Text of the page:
This site is down in protest at the support of bolting in the Lancashire quarries.
This valuable resource will not be made available again until this policy is revised and the bolting of the Lancashire quarries ceases and its position as a bastion of traditional climbing in the UK is reinstated.
The Membership Officer
The British mountaineering Council
The Old Church
177-179 Burton Road
22nd June 2014
Please cancel my membership of the British Mountaineering Council with immediate effect.
I feel that the events at the latest North West area meeting are the last nail in the figurative coffin of traditional climbing in the Lancashire area, and I am morally unable to either support or to be a member of an organisation which is happy to preside over this demise.
At the aforesaid meeting, there was an agreement that there would be a full discussion on the limited bolting of some Lancashire quarries held after the mid-meeting break for refreshments. In reality, there was a short initial discussion before the interval, followed by a vote immediately following, without any further discussion.
As far as I am concerned that approach was constitutionally incorrect and did not correctly follow the stated agenda.
I was also shocked to see how many of the older climbers were happy to support the various fixed protection motions that were initially discussed. These were climbers who are/were staunchly traditional climbers in the past, who have already climbed the routes at these quarries in their original form, and yet are now turning and wanting these routes to have lower offs, and to support the recent Lancashire fixed protection (where possible, and if not, and no traditional protection is available – put a bolt in) policy. This is clearly in order to maintain their ability to do these routes safely, and in this case, this is the worst case of ‘bringing the routes down to the climber’s level’ that I can think of, and should not be allowed to continue.
I spoke to a number of attendees to the meeting - people I did not already know, but wanted to understand their views - both during the interval and after the finish, and I was shocked to learn that 5 or 6 of these had not been brought into climbing by a traditional method, but had been reared on climbing walls, and had extremely limited experience of traditional climbing, and in 3 of the cases had never even climbed on the quarry that was up for discussion for both fixed gear replacement (ie bolting under the Lancashire policy), and yet were happy to vote to place bolts on already established traditional routes.
OK, these routes may well have pegs on them that could be end of life, and in need of some sort of replacement, but since when did we replace peg protection with bolts as a policy? For many years climbers have prided themselves on reducing fixed protection and removing pegs/bolts in favour of a traditional, bolder approach; why the climbers of Lancashire and more worryingly senior members of the committee and also members of the Wilton management committee, are happy to support this new policy is incomprehensible.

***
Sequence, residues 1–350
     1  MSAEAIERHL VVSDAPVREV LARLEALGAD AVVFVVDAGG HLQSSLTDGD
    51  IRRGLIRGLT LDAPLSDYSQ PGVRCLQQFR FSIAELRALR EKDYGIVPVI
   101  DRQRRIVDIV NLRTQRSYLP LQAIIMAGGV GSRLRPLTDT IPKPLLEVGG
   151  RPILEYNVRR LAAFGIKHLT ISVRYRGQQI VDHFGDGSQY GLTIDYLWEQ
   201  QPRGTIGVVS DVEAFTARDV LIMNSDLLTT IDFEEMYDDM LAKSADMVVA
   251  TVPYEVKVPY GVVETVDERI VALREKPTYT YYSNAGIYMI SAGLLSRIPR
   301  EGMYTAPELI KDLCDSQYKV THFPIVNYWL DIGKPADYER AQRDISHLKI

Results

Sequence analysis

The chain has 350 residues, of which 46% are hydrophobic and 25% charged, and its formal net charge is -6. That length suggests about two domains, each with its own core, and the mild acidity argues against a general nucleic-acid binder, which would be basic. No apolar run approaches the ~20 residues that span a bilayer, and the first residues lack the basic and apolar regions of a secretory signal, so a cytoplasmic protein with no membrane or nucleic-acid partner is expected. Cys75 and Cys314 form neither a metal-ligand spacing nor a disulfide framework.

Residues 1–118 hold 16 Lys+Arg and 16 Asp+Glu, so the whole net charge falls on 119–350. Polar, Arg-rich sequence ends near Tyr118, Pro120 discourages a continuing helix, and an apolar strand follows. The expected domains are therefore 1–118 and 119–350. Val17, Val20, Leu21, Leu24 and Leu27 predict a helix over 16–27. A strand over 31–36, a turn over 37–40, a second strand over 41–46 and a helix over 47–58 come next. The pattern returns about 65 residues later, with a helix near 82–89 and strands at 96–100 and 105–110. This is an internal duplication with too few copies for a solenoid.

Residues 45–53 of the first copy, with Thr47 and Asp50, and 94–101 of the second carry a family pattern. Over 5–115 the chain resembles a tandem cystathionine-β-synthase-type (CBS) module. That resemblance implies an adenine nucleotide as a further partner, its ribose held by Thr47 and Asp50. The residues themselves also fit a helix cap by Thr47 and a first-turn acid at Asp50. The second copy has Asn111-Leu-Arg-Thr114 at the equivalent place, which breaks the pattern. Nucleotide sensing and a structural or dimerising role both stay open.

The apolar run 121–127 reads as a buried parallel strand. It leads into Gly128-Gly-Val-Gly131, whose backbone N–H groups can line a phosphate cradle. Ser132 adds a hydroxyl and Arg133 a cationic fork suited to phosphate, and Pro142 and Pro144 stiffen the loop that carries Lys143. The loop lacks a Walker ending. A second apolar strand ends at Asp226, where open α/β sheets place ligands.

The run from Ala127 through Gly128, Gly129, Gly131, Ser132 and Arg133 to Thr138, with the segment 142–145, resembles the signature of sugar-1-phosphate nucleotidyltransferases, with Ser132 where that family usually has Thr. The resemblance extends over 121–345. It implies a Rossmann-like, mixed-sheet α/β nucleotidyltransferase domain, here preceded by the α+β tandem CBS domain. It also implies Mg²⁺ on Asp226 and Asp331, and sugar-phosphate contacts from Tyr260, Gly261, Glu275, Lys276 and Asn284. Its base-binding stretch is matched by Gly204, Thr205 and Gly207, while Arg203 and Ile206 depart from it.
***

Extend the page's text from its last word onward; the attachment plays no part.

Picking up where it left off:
There should be no reason why routes such as White Slabs Bunt or Supercrack should have bolt belays placed; their tops are not dangerous, and the action of bolting is sheer laziness and detracts from the quality of the overall experience. The also can’t be being done in the name of progress; routes such as White Slabs Bunt were regularly soloed as far back as the mid-1980s (possibly earlier).
I was hoping to follow up the publication of Peak Rock by starting to work on a complete and re-researched history of Lancashire climbing. The timing for this would have been perfect knowing that the new guidebook to the area would only include an absolute minimum of historical content (“just one or two pages” according to a statement made at the meeting), but I cannot support recording the history of an area which has blatantly sold itself down the river and will now see an increase in both bolted belays/lower-offs and bolt runners within the next few years. This means that unless the British Mountaineering Council changes its policies, the history of climbing in the Lancashire quarries will fall into disrepair and will be largely lost within the coming years. Add this to the massively significant historical inaccuracies within the recent Over the Moors guidebook, and a large swathe of historically significant information is being either incorrectly recorded or not recorded at all. This is inexcusable and unacceptable.
As part of my initial research however I had already contacted a number of early pioneers of the Lancashire quarries, and to a man they are against any of the proposals to install fixed equipment. I wholeheartedly agree with them.
Finally, I cannot continue to support an organisation (the British Mountaineering Council) which purports to popularise climbing whilst also overseeing the denigration of the history of climbing in Lancashire.
Please cancel my annual direct debit for future years’ membership. I will not renew my membership until I see a concerted effort by the British Mountaineering Council to instil traditional climbing values into those at the beginnings of their enjoyment of climbing, thereby nurturing the spirit of climbing in the manner in which it has been enjoyed in the Lancashire quarries of many years.